Do you want to make hair mats?
Making Hair Mats:
How we make hair mats… First, we start with a framework called a scrim. This uses just the longer strands, 3+ inches. Lay them out in the feeding tray before the felting machine and space them evenly. Then start up the felting machine, slowly pushing from the input end while pulling from the output end. This can be just you, but usually is more than one person so that less walking back and forth is involved. One person pushing the scrim forward and one person pulling the scrim at the other end at the same time to balance the felting.
Once the scrim has passed through the felting machine at least once, lay it out on the intake end again. This time, you’ll want to have the borders of the scrim hanging out over the edges of the intake tray – they’ll be folded over the stuffing. Now you can fill it in with shorter fibers, stuff them in evenly and once it’s padded with the shorter fibers, fold the scrim that hangs out over the edges over the stuffing. Run the mat-in-progress through the felting machine again, pushing and pulling. Once it’s through and through, it should be reasonably ready for use.
In 2010, Matter of Trust initiated a huge mobilization to gather waste fibers and make hair booms for the BP Deepwater Horizon Gulf Coast Spill. Nineteen warehouses – spread from Florida through Texas – received hair, fur, fleece, and nylons from donors of every zip code in North America and 30 other countries. Thousands of volunteers signed up to make booms and help the Gulf Coast. Many hosted “cut-a-thons,” “shave-a-thons” and “Boom B Qs” to collect donations and stuff nylons. These booms were mostly used in Alabama and Florida. We’d like to thank Amanda Bacon, Yente Sehman, Barbara Johnson, Daisy Suduran, New Orleans Ritz Carlton Salon, Ingrid Setzer, Hanes Inc. Hooters and many more for their help. Visit these links for more information and photos. This is a field that is attracting many skilled professionals and the jobs involved in oil spill remediation via hair mats and booms include hair collection, felting of mats, city oversight and permissions, transportation, and distribution. Hair mats are and can be used in ski resorts, under factory machinery and in auto shops, among other applications.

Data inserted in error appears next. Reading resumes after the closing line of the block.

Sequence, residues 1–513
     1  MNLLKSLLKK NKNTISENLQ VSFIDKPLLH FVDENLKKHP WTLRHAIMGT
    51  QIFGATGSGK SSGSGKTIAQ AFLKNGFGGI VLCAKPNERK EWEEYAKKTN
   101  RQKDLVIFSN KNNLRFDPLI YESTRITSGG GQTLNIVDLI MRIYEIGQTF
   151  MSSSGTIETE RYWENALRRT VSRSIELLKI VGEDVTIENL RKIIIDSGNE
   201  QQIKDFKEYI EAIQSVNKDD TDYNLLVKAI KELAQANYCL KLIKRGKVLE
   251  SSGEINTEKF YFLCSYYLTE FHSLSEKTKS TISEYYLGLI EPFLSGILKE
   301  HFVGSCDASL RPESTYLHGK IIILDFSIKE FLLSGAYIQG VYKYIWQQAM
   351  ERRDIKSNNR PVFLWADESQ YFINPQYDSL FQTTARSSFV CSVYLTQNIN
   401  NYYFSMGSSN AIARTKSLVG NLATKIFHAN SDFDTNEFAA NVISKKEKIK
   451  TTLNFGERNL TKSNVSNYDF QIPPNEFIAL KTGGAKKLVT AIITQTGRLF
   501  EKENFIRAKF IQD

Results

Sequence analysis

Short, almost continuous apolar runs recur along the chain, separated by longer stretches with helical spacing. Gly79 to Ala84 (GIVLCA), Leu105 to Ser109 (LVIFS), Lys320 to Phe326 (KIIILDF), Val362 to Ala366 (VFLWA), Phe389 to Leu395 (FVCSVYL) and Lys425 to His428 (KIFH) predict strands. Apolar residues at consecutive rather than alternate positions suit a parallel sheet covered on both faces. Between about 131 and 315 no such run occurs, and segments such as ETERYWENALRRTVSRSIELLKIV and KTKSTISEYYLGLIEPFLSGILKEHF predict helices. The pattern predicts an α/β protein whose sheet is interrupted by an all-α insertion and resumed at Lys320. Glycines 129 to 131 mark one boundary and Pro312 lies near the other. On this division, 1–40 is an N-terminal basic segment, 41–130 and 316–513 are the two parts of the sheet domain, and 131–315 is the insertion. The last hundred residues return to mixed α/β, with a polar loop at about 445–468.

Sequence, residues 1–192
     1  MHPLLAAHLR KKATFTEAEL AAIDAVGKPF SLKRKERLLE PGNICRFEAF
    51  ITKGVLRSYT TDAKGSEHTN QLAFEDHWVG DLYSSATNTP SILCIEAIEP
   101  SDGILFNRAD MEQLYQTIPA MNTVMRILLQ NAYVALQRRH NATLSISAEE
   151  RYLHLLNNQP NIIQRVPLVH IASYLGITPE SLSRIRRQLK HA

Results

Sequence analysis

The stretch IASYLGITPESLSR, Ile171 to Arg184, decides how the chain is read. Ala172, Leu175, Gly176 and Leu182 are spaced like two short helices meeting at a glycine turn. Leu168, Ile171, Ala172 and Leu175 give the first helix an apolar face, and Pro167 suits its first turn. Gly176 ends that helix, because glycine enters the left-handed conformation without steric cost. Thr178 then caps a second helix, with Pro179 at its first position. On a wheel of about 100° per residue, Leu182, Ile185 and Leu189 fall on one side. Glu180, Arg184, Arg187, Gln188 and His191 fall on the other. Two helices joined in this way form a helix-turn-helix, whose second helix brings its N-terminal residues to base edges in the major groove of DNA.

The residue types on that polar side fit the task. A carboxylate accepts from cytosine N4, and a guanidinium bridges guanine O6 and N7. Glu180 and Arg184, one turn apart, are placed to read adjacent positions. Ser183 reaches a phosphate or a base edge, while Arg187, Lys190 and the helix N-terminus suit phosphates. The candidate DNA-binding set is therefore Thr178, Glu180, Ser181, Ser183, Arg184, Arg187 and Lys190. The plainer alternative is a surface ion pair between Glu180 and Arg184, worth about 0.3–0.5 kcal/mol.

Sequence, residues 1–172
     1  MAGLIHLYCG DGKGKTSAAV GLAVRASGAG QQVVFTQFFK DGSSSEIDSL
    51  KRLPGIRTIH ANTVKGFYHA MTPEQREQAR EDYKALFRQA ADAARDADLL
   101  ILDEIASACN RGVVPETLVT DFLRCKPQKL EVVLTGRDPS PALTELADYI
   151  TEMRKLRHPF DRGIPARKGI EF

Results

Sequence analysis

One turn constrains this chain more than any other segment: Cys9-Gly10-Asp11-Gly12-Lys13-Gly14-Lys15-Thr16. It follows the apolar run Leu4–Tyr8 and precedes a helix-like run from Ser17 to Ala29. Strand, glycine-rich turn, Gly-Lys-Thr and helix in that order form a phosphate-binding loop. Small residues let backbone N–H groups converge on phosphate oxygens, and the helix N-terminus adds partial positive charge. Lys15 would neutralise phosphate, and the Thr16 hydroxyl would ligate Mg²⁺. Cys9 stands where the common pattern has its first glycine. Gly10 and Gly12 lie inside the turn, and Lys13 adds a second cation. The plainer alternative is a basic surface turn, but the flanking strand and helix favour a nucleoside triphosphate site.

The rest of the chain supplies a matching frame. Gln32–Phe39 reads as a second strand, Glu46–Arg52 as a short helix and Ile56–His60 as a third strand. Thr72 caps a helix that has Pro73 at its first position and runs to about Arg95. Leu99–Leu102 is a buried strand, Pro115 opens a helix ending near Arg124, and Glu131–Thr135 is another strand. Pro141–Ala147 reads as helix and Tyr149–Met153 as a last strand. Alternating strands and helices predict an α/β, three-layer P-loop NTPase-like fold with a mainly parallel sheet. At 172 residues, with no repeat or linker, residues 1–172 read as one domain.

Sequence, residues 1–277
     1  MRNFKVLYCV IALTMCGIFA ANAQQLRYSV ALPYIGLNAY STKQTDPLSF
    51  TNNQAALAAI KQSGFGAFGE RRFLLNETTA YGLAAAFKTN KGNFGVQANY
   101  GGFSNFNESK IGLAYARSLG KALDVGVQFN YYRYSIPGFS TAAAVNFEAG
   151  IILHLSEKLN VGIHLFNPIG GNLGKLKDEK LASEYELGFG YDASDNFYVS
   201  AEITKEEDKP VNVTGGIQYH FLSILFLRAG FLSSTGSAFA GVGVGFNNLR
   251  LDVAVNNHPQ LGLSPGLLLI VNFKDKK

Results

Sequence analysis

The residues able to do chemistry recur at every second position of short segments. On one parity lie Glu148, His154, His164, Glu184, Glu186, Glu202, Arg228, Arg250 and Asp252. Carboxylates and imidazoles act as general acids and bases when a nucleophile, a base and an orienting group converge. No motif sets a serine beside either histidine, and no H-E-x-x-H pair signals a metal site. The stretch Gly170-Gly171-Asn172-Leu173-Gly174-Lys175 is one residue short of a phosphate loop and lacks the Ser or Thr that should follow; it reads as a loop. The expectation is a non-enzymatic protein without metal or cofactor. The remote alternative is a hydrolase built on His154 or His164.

Collecting Hair, Fur & Fleece
Matter of Trust established the Clean Wave program to promote large-scale waste fiber recycling.
Making Hair Mats
In 2010, Matter of Trust initiated a huge mobilization to gather waste fibers and make hair booms for the BP Deepwater Horizon Gulf Coast Spill. Nineteen warehouses – spread from Florida through Texas – received hair, fur, fleece, and nylons from donors of every zip code in North America and 30 other countries.
Storm Drains & End Users (Oil Spills)
There are over 2500 oil spills a year on average. There are also over 370,000 hair salons in the US and over 200,000 pet groomers. They each cut on average two pounds (one kilo) of hair/fur per day. These fibers can be felted into mats or stuffed into recycled burlap sacks or pantyhose in order to make environmentally…
Why this matters?
Our goal is to divert fibers from the waste stream, sort them into useful stockpiles, create replicable, sustainable green jobs, and manufacture renewable material products that clean our waterways.
What can I do?
We are always evolving and welcome new ideas, partners, contributions and emails. We have a very optimistic view of the future. We are very fond of this lovely planet!
We strongly believe that,
“When you give, you get back tenfold.”
Now, that’s a great exchange rate!
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